Philosophy paper on the State of Nature

Philosophy paper on the State of Nature

Choose one of the following questions.

Option 1: If you choose not to take part in the state of nature offer in class it must be
That you believe there is no way to maximize your self-interest by doing so.
If you were talking with_someone outside of class he might not believe this.
He would likely insist that surely there must be some way of coming out
ahead if we only think about it long enough. Show why this is not the case,
and why there is no expected benefit from entering into this situation.


Option 2: If you choose to participate in the offer it must be that you think you will
receive a benefit from participation. Explain why this is the reasonable

This game is based on Thomas Hobbs theory on the state of nature. The state of nature offer goes like this: our professor is offering us (the students) an opportunity to choose our own grades as an extra grade added to the 4 total grades that we currently have. We have one of two options: either ask for an a or ask for a b.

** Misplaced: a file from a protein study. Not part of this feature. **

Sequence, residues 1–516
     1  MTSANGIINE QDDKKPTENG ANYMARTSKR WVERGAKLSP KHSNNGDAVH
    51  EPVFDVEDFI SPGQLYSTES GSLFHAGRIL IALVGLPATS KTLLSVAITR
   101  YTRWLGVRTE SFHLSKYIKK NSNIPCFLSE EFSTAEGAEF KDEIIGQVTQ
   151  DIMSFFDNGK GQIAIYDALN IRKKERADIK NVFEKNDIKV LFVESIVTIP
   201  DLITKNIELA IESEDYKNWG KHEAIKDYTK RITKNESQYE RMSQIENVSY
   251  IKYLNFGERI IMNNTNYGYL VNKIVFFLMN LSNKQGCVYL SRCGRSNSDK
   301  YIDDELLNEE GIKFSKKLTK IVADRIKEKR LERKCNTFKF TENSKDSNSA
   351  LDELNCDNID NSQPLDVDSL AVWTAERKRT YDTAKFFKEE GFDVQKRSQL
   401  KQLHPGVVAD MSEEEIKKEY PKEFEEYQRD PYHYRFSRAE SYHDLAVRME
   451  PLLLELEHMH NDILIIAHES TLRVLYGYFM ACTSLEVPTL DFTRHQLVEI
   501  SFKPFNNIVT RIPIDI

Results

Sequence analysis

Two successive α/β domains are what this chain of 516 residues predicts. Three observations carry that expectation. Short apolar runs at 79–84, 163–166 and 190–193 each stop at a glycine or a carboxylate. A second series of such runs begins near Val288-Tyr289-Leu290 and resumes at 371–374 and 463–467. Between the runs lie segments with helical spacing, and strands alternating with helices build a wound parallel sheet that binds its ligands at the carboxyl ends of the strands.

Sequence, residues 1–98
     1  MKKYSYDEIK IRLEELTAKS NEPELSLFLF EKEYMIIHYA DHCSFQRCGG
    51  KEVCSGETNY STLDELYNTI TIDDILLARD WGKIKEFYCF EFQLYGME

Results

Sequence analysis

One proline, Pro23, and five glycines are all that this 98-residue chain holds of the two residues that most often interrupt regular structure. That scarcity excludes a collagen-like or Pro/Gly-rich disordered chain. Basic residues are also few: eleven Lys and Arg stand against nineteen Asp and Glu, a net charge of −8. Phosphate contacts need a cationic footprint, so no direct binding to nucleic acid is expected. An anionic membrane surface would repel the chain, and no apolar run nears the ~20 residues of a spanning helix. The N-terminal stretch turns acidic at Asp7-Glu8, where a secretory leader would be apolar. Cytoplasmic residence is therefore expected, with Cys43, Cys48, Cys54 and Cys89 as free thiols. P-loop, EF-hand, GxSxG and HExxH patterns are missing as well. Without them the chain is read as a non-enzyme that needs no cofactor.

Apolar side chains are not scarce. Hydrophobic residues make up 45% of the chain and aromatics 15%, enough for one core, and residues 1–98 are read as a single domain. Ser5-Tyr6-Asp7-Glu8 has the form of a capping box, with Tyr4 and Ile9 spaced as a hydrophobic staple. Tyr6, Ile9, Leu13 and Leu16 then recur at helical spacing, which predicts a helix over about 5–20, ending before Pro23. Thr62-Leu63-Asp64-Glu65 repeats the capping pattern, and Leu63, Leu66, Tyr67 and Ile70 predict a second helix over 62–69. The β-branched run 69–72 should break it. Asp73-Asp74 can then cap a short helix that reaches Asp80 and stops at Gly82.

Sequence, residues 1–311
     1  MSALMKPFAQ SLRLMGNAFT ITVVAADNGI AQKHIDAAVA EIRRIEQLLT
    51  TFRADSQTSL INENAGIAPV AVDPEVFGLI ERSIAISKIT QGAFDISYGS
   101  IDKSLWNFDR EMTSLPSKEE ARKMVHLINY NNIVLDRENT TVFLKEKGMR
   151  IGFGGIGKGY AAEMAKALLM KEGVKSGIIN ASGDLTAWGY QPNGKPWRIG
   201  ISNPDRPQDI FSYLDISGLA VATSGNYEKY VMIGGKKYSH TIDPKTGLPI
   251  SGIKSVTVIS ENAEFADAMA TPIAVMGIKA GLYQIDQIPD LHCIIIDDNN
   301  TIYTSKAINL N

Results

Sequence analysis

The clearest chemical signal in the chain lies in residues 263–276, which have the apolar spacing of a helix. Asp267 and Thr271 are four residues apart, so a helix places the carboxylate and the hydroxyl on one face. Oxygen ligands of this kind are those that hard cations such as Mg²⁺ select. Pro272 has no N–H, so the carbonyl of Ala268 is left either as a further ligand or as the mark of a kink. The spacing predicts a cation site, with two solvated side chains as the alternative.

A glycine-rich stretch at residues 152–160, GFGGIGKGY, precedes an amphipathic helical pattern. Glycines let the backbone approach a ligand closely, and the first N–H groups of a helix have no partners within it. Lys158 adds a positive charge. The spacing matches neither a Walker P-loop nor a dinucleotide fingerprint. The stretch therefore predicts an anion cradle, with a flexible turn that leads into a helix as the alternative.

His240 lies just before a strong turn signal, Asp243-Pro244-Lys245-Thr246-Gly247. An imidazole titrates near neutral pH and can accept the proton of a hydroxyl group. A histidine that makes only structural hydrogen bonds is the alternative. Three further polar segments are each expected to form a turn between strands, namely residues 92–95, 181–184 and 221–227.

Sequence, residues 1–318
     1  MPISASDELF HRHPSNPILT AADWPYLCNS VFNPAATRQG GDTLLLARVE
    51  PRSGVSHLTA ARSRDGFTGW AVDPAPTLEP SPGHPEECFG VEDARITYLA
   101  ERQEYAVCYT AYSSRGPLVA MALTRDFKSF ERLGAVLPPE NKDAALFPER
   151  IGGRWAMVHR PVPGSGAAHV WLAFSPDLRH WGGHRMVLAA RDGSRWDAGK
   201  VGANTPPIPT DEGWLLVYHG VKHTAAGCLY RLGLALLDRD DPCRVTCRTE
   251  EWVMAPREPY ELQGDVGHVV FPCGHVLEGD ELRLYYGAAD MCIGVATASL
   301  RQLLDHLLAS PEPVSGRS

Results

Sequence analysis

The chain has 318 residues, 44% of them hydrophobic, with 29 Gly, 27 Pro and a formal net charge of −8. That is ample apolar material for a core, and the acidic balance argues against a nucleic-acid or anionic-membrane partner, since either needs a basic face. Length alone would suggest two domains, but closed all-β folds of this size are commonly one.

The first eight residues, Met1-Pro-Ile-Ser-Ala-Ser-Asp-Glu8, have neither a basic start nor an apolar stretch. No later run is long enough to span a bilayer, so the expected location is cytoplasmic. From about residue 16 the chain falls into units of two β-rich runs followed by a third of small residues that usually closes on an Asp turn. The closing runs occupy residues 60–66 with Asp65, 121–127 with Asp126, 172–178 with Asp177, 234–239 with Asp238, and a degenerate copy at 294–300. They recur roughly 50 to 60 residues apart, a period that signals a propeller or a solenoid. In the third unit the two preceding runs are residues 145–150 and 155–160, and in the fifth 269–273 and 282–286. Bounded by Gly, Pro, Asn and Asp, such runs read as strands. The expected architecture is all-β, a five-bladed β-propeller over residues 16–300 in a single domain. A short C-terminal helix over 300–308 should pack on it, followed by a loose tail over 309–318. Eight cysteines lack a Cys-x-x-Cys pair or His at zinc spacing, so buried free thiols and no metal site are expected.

If all the people who choose to participate ask for a B, than everyone gets a B; in consequence, we will have our two lowest grades dropped; resulting in 2 grades plus the B we received from this game being averaged out as our final grade.
On the other hand, if someone asks for an A, than that person will receive an A, but the rest of the contestants will receive an undroppable F that will be averaged into the final grade (disregarding the B that they asked for).
Whether someone chooses to participate in this game is completely optional. If a student chooses to participate, they can do so via Email; thus providing every student with a blanket of anonymity in which the only person who knows what each student chooses is the professor.
Also, a student can choose to opt into the game at any time of their choosing as long as its before the day a professor must input the final grades. Therefore, if 2 students ask for an A, the 2nd student who asked for the A will receive the A canceling the first student?s claim to that A whilst simoltaniously giving everyone else an A. This will also be the case if more than two students ask for an A. if the entire group of participants ask for an A, than the last student that asked for an A will receive the A, failing the rest of the participants in the process.